This episode cuts right to the chase! White Base has docked at Luna II only to find that the Federation base can’t take on the civilians White Base needs to drop off. Apparently, Luna II has been under a ‘state of emergency’ for some time now, though as far as we can see they aren’t currently under attack or anything. Regardless, Bright is furious at the situation. Well, Bright, if you think things are bad now, buckle up – they’re about to get a lot worse.
Enter Commandant Wakkein, the man in charge of Luna II. He’s got a bone to pick with the White Base crew; they’re mostly civilians, so they shouldn’t be exposed to classified military tech like the Gundam. Therefore he’s having them all arrested! That’s right, he’s arresting the likes of Amuro, Mirai, and the rest for… having the bad luck to be useful in a crisis? Amuro, Kai, and Hayato I could sort of understand; since Wakkein didn’t see how bad things were on Side 7, I could see him thinking that the three didn’t need to pilot the Gundam and Guntank. But the others? Mirai was the only person on board with piloting experience; she practically got conscripted. As for Sayla, has she even done anything at this point other than get bandages for Captain Paolo?
This episode lays the groundwork for an idea that will become much more prominent as the franchise evolves: neither side in this war is truly ‘good.’ Wakkein may be a Federation officer and therefore ostensibly on the side of the angels, but he’s so slavishly devoted to bureaucracy and the chain of command that he’s persecuting innocent civilians simply because they did what they had to to survive. Later Universal Century works, most prominently shows like Zeta Gundam and The 08th MS Team, also feature numerous villains within the Federation’s ranks; those characters can trace their lineage back here to Wakkein. Thematically, I mean. He’s not literally Bask Om’s dad or anything. As far as I know, anyway. Man, that would be a wild twist!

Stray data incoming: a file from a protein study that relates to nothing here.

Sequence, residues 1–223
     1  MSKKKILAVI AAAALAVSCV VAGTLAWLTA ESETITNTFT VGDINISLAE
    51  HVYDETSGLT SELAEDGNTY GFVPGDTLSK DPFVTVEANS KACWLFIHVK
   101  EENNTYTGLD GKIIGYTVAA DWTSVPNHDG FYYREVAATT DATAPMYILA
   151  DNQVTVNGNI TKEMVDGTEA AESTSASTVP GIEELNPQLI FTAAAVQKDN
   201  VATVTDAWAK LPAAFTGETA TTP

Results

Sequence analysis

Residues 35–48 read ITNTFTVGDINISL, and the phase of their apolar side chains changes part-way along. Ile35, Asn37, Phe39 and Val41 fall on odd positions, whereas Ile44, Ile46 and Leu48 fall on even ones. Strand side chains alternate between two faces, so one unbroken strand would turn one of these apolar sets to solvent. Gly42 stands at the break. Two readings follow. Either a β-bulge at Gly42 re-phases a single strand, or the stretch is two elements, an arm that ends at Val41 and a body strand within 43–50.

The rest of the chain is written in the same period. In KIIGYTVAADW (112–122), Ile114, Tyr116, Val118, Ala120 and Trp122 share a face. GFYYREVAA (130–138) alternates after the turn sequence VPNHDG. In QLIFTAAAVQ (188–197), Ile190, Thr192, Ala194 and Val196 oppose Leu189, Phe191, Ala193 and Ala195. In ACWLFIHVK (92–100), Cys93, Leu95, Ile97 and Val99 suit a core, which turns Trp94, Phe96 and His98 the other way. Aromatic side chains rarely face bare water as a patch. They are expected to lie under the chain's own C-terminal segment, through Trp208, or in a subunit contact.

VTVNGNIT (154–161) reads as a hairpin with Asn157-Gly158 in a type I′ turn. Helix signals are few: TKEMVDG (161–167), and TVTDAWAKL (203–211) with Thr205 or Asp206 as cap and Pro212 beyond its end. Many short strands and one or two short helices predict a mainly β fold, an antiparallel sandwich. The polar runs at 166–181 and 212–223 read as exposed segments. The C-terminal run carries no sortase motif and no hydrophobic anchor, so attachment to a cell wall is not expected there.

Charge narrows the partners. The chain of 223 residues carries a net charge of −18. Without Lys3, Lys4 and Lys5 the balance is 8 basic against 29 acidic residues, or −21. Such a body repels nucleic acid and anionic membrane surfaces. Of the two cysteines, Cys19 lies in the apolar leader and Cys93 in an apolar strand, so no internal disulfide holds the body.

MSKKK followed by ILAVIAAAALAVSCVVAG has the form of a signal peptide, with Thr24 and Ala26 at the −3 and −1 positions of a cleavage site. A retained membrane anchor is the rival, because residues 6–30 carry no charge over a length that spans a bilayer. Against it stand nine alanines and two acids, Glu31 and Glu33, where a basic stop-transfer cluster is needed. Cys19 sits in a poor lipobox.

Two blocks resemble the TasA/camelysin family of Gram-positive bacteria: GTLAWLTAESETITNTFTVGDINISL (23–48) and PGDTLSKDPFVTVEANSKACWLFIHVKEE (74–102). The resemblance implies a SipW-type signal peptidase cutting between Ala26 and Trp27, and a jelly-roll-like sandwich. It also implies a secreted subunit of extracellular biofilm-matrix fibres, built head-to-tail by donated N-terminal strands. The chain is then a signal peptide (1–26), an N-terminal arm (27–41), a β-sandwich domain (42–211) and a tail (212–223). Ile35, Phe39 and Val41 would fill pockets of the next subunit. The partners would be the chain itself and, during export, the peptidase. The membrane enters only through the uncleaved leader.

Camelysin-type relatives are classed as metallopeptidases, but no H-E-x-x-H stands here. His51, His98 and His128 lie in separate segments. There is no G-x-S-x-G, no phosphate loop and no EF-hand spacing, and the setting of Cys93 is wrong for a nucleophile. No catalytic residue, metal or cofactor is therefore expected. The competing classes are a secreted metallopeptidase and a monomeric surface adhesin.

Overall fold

This element plays an important part in reinforcing the core theme of the series: war is awful. It is not an issue of black and white, good and evil. Though the Earth Federation has not resorted to anything as horrific as Zeon’s colony drop, that does not mean that they are uniformly heroic. By the same token, if some members of the Federation are bad, perhaps not every member of Zeon is a heartless villain. The simple act of turning Wakkein into the primary antagonist of the episode adds a wonderful new dimension to the entire conflict. Most poignantly, Wakkein’s first act is to punish the White Base crew, many of whom were dragged into this war by force. This gets right to the core of the issue: regardless of which, if either, side is ‘right,’ innocent people are going to be caught in the crossfire.This idea reaches its zenith much later in the UC timeline, in the series Mobile Suit Gundam Unicorn. Unicorn sees its protagonist, Banagher Links, repeatedly move back and forth between a Federation vessel and a Zeon-affiliated one, and comes to understand the good and bad aspects of both sides before ultimately deciding to choose his own path. Interestingly, in that series it’s Bright Noa – a high-ranking officer himself by that point – who encourages Banagher on his way.